Dissection

The donor arm is placed on an operating arm board abducting the shoulder at ninety degrees to the patient. A padded tourniquet is used proximally before prepping and draping. The size of the flap is determined and marked on the forearm, often with a template from the defect or estimate of the defect size. Because the flap can be folded, creative designs can be used in the harvest to reconstruct 3-dimensional defects.

The traditional flap outline has the radial most aspect over the radial artery. The flap can extend ulnarward to the less hair bearing part of the forearm as desired. If a tendon graft is needed, the palmaris longus is included in the flap. If bone is needed, a portion of the distal radius (leaving dorsal and radial cortices) can be used. The defect can be prone to fracture and this must be considered in postoperative mobilization or as a possible indication for prophylactic plating.

Flap Markings

The course of the radial pulse is determine and the flap is outlined over the radial artery. The position of the flap can be pushed radially, ulnarly, or more proximally depending on the needs of the recipient area. Consideration should be given to the location of the cephalic vein if that is to be used for venous drainage.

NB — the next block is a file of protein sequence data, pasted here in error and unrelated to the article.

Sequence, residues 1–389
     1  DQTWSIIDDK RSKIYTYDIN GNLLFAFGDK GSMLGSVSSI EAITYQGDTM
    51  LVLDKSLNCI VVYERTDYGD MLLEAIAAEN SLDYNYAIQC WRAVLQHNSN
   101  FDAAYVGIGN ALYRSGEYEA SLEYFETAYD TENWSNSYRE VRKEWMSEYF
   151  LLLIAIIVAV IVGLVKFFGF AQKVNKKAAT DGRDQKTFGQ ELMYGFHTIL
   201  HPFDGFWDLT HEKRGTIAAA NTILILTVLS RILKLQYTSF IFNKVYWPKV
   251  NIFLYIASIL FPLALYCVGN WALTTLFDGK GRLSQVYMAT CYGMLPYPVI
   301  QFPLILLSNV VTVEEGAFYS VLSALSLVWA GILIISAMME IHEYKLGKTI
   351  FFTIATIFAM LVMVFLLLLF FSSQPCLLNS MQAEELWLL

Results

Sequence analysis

The distal aspect of the flap is raised first. The dissection proceeds deep the the antebrachial fascia, elevating the fascia with the flap. Paratenon is left on the FCR tendon and palmaris, if the palmaris is to be left behind. The palmaris is often harvested with the flap, since it is expendable and can be used in the area of reconstruction as needed.

The radial artery and venae commitans are ligated and divided distally. The flap can then be raised from the distal aspect. As the dissection proceeds proximally, the pedicle travels under the brachioradialis tendon and muscle, necessitating retraction of this unit. Care is take to avoid injuring the dorsal branch of the radial nerve, which exits into the distal forearm from underneath the brachioradialis muscle.

Elevation of the Flap